Incorporate FOMO Marketing into Ad Campaigns
Leveraging psychology to sell products and services is nothing new in advertising. Companies using songs or jingles, celebrity endorsements, and sale prices have been around for almost one hundred years. Smartphones, social media, and the competition for nano-second consumer attention spans are pushing advertisers to employ new concepts in marketing campaigns. FOMO or the Fear of Missing Out has become a staple for digital advertisers over the last decade in the pursuit of moving customers to purchase immediately. FOMO marketing can help increase urgency in your advertising campaigns.
What is FOMO?
FOMO popped up in the Urban Dictionary on October 2, 2006. Then in 2008, a Business Week article called “Today’s Students: Living Large” described FOMO as the inability of college students to “turn down invitations to any party, dinner, or junket attended by anyone who might be a valuable addition to one’s network—no matter the cost.” The definition of FOMO has evolved over the last fifteen years.
Merriam-Webster defines FOMO as the fear of not being included in something (such as an interesting or enjoyable activity) that others are experiencing. Wikipedia’s definition includes the words “social anxiety” and “regret or anticipation of regret”.
FOMO’s Connection to Marketing
Most people are familiar with the desire to own or purchase popular cultural items. Anyone who had to have a pet rock, be the first to own a pair of Air Jordan sneakers, or stood in line for a Talking Elmo Doll, knows a thing or two about FOMO. What has changed is the internet and social media purchasing options combined with faster pop culture cycles. Shorter periods in which things are “hot” or popular increase social anxiety and regrets about a non-purchase.
Eventbrite reports nearly 7 in 10 (69%) millennials experience FOMO and the fear of missing out drives millennials to show up, share, and engage.
A survey by Strategyonline.ca shows, among those surveyed:
1. 64% surveyed said they experienced the (FOMO) phenomenon, 56% of whom were between the ages of 18 and 30.
2. 24% of millennials that have experienced FOMO, cited the biggest factor being “the feeling is the fear of losing social notoriety or not being seen as “in the know.”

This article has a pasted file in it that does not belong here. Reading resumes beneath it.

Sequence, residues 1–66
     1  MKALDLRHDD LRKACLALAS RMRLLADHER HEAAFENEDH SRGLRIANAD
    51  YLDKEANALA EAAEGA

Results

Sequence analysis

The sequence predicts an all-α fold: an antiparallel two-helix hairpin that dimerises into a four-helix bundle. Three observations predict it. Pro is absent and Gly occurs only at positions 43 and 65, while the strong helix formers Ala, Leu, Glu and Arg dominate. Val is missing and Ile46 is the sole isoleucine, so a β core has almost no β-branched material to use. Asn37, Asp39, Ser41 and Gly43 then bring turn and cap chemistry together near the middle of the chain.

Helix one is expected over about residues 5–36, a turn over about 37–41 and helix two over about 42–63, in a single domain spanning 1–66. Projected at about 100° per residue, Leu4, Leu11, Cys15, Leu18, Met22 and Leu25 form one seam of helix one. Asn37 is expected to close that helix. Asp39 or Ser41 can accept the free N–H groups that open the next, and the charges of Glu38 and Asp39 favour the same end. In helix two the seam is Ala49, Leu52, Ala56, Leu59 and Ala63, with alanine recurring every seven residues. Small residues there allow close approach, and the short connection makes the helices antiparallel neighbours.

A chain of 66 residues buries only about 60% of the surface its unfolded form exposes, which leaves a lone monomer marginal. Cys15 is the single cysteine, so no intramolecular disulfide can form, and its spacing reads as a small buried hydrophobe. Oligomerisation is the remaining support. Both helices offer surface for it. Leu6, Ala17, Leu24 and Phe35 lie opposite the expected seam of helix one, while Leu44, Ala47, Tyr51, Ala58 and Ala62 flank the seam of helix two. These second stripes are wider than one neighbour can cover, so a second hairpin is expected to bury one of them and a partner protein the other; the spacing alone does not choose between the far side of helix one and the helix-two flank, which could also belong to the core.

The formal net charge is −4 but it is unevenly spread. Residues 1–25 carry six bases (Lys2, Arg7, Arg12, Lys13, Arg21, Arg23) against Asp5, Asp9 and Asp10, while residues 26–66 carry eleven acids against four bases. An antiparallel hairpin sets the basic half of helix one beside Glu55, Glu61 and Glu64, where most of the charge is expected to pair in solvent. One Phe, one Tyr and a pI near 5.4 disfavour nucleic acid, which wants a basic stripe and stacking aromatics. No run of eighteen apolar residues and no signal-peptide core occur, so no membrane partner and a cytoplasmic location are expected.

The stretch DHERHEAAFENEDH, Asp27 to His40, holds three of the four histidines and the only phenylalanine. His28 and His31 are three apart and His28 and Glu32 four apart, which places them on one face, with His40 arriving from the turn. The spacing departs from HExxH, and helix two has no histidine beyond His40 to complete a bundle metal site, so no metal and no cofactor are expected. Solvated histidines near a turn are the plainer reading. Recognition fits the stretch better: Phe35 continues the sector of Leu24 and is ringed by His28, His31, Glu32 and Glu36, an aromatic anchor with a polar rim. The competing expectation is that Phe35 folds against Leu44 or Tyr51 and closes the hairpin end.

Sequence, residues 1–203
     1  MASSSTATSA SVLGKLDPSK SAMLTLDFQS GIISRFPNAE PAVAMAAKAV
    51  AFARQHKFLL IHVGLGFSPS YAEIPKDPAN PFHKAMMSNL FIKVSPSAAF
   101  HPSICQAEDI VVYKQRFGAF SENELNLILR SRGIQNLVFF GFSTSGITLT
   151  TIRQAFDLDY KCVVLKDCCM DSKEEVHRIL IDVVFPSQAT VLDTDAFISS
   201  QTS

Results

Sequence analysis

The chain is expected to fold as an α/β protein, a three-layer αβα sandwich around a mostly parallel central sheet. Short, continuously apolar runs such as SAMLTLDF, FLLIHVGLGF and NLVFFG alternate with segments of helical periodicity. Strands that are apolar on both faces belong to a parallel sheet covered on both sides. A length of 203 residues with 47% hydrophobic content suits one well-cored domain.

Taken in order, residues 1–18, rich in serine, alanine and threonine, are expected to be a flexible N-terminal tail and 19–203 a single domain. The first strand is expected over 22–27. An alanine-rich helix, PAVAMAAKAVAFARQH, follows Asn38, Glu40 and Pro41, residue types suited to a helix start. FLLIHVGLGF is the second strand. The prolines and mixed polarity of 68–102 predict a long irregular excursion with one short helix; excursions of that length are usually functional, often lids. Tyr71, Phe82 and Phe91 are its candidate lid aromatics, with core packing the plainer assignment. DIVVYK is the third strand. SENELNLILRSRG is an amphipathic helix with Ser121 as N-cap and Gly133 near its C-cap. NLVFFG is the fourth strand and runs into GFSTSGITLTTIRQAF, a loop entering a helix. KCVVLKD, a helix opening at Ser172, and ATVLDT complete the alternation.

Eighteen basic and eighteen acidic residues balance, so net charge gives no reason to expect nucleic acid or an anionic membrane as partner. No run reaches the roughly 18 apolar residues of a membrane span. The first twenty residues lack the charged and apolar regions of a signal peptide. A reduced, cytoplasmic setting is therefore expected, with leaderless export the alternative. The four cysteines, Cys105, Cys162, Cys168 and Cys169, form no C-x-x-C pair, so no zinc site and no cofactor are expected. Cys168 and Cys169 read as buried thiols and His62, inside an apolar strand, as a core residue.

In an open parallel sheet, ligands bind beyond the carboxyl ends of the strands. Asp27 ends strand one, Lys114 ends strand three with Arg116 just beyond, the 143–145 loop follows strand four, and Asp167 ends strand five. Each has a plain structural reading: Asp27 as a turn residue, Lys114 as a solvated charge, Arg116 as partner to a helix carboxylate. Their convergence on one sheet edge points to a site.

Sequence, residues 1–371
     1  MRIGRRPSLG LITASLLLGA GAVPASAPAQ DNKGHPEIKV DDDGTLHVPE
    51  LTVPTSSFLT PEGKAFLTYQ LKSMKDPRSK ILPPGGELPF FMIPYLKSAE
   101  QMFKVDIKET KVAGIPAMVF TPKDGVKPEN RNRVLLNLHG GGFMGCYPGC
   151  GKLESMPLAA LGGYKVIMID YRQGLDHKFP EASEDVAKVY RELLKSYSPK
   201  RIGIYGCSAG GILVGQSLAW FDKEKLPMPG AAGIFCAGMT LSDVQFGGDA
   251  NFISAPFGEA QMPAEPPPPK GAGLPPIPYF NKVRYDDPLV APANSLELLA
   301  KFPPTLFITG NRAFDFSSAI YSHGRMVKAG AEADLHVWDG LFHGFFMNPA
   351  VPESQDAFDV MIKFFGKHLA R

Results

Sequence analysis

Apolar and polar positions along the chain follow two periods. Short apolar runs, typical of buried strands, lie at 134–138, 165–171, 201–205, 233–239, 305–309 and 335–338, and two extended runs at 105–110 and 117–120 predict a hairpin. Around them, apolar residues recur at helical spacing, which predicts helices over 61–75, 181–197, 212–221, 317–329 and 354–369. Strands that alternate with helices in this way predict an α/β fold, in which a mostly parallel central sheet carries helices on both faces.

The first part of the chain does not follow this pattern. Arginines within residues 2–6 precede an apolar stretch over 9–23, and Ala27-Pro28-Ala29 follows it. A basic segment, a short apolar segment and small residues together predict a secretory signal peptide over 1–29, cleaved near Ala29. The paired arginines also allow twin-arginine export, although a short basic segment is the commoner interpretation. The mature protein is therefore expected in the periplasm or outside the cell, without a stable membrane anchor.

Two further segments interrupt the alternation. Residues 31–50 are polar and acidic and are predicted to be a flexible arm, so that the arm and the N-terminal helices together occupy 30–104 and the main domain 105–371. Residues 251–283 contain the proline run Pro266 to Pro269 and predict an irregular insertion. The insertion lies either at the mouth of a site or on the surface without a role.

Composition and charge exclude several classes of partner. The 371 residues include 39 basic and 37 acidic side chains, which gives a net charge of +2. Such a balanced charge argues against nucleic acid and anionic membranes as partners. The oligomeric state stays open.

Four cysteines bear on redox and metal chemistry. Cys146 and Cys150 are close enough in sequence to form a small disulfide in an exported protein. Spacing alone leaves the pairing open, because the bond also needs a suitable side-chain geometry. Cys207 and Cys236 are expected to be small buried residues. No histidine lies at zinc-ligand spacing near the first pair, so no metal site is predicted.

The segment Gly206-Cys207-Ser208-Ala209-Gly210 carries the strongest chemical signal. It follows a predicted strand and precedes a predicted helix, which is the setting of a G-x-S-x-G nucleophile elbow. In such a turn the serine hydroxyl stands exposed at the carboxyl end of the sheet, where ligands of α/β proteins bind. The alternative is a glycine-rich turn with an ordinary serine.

3. 60% of millennial consumers said they make a reactive purchase after experiencing FOMO, most often within 24 hours.
4. Parents were the most likely group to see the link between FOMO and their purchase intent and had a positive opinion of the sensation as a result.
How to Incorporate FOMO Marketing into Ad Campaigns
Adding a specific time limit to an offer, price, or item. Davosa Watches incorporates a countdown clock for a 20% special offer adding a sense of urgency to purchase before it is too late.
Display how many items are left. Beko Appliances adds the number of refrigerator models in stock increasing the need to buy or miss out on the fridge a customer really wants.
Show the results. Nutrisystem weight loss plans effectively use before and after transformation photos, upping the “you can do it” factor.
Shopping Cart Abandonment Offers
Ask for the sale one more time. Pop-up offers before a customer closes the shopping cart can create the feeling of getting an even better deal now than later.
Show clients what going with the other guy means. Redfin Real Estate skillfully displays a satisfaction scale for repositioning how competitors treat customers.
Price Change Alerts
Lay out the savings. In an effort to move customers to purchase, Amazon uses email alerts outlining price changes and saving.
Exit Intent Offers
Entice a sale before a webpage exit. Exchanging a 20% coupon for an email address is smart for companies and risk-free for customers.
Add the day the offer ends. To back up the last chance message, Positive Grid mobile guitar amplifiers display the end date in the image and in the ad copy.
FOMO marketing is a go-to tactic for many digital marketers today. Experiment with FOMO advertising messages to discover which tactic helps move the sale needle for your company. We caution clients to avoid using fear or anxiety marketing messages as the only sales driver. Furthermore, brands should never use misleading language or images when adding FOMO into the marketing mix.
Looking to add FOMO marketing to your company’s advertising? Contact us today.
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